NYCPHP Meetup

Per-/con-ceptual problems with object orientation code loading

charles at softwareprototypes.com charles at softwareprototypes.com
Tue Jun 18 13:38:51 EDT 2002


Hi people,

while I was talking with the grand-poobah of Community Connect at the
Job Fair last Thursday (never heard from 'em, [don't expect to,
{tough shit, I'm becoming a Dog Groomer, < B.S. & > $,}]) about
object orientation, he made a couple of comments which, with my usual
"esprit d'escalier" didn't get around to retorting until after we'd
all gone out the door.

First:

The problem with loading an object class is that people don't know
how to break up a class to save their gonads and keep trying to
define a class as a single file which results in a lot of unused code
being loaded and inter-piled uselessly.

Ever thought of breaking up the code into one __directory__ per class
containing one file for the static object definition (the Class and
instance variables that all the methods will depend on,) and one file
per method with an "IncludeOnce" pragma of the static definition?
(Sorry if I'm showing my "Ada" but I learned about Pragmas reading
the DND "Green Book.")

When I was working for the CGI Group on the Common Departmental
Financial System for Supply and Services Canada, I had to write a CM
system to track every friggin' component (ConfigurationItem,) all the
specs, APIs, window layouts, Netron CAP COBOL code fragments, test
scripts, environment pathes, migration strategies, piece of hardware,
software, chair & desk and human resource spread across 3,849,674
square miles (9,970,610 square km), of which 291,576 square miles
(755,180 square km) are inland water. Now there's a sparse Set for
you. :-)  

You can then create "load sets" which include "IncludeOnce" pragmas
for only the methods you will actually be using. That means that you
can keep the foot print "lean and mean" by including the "load set"
instead of loading the whole class.

This would take care of 99% of the objections to the ridiculously
broad foot print that Smalltalk and Java source code (mis-)management
have.

Next:

Paths are great and should be used to full advantage. You should also
use your NFS machines/servers to the fullest. You should use your DNS
to implement subdomains for development and test and have ONE box for
running test & QA and ONE box for development. These can even be
re-using the same box in addition to the induvudual developper's
boxes.

Production machines/servers ONLY know production paths. They execute
code, access data bases and serve pages from/in the production
environment. They are "www." boxen.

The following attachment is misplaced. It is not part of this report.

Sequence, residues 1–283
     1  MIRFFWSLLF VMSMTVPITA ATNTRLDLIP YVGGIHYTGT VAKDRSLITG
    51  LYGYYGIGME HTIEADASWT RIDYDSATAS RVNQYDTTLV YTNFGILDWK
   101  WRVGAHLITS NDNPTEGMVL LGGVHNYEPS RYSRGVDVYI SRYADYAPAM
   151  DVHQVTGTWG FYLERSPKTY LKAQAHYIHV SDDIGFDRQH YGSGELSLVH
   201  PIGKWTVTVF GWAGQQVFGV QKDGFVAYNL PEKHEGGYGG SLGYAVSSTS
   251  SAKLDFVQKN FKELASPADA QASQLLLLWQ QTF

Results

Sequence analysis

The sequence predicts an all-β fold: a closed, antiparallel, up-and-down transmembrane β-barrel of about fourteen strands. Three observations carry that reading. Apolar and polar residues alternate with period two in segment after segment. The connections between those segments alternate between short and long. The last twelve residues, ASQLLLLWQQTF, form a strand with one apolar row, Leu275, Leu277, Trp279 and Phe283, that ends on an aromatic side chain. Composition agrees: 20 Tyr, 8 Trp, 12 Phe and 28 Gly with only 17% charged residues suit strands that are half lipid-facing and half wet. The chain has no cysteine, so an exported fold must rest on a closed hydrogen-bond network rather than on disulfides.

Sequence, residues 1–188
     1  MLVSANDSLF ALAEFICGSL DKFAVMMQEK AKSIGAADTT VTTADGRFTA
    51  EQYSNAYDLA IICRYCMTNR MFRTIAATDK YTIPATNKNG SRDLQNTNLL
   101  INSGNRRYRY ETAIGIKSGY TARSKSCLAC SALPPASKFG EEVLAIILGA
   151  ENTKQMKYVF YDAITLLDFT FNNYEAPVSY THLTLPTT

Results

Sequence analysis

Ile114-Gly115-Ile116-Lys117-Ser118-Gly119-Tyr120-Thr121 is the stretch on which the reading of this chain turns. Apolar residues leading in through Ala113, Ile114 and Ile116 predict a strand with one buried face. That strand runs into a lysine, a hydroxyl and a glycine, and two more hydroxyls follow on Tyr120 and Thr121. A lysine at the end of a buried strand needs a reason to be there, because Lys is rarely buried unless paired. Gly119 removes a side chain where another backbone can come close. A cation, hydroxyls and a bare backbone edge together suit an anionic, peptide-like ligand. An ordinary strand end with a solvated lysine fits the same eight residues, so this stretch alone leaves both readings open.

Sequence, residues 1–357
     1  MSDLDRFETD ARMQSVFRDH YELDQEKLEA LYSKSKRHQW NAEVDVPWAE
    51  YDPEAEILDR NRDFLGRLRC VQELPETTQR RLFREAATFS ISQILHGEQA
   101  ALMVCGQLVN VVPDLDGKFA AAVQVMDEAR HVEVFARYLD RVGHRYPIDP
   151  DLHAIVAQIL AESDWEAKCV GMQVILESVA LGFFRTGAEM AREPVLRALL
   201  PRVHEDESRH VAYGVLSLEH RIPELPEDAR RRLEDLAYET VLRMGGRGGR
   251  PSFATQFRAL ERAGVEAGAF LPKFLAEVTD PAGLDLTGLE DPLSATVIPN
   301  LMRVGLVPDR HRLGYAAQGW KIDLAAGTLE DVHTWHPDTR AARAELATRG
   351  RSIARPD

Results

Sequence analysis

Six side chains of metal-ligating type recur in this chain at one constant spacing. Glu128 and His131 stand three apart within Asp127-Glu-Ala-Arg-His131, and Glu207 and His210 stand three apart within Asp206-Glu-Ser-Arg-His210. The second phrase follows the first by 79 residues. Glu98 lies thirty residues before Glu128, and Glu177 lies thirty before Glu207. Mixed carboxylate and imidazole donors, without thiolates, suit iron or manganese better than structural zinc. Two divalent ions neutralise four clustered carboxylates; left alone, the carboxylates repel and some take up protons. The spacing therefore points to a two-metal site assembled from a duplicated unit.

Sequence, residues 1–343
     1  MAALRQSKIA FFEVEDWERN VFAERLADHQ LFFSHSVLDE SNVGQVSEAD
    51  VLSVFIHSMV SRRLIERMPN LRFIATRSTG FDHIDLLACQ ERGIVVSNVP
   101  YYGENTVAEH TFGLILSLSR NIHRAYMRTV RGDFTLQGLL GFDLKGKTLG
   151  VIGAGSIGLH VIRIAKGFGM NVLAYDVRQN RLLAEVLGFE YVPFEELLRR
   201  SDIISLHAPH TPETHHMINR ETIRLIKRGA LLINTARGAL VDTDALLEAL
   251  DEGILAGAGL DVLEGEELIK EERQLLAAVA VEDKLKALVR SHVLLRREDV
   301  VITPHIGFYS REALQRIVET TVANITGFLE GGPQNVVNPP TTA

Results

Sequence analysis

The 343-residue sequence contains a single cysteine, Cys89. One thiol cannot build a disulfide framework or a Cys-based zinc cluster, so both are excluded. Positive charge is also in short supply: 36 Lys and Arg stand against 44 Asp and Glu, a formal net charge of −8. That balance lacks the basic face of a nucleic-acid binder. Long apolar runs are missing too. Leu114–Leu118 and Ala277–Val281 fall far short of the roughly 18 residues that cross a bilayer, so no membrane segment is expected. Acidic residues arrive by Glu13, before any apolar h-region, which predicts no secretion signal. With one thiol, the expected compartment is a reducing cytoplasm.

Test machines/servers know about test paths AND production paths.
They execute code, access data bases and serve pages from/in the
production environment AND the test environment. They are "tst."
subdomain boxen.

Development machines/servers know about test paths AND production
paths. They execute code, access data bases and serve pages from/in
the production environment AND the test environment AND the
development environment. They are "dev." subdomain boxen.

Individual developer's boxes know about development paths AND test
paths AND production paths. They execute code, access data bases and
serve pages from/in the production environment AND the test
environment AND the development environment and their own box. They
are "<developper>." subdomain boxen.

Last:

Just because the code has to be attached to the object that's
actually involved doesn't mean that it doesn't require and can't
intermingle execution with code from other objects. Some objects are
ONLY there to provide services (like StateMachines, StateEngines,
DialogManagers, etc.)

The same principles of optimization still apply: 
1) Don't execute any instructions or allocate any storage you don't
absolutely need to. (Make it fast) (This is the WORST offender and a
measure of how lousy programmers are at designing efficient
algorithms. M$ Windows makes me weep. At least the Mac only let you
fill a TERec (TextEditing pane model object) with a maximum of 4K
Bytes. Windows would acept megabytes of data even though it could
only show one or two K of it. What a waste of time. Bill Gates owes
me HOURS!) 
2) Never execute any code twice when you can cache the result. (Make
it faster) 
3) Never cache a result you won't reuse. (Make it smaller.)

-Charles-A. 

Got a dog you need clipped? 

Let it get shaggier until I've finished my course in August.





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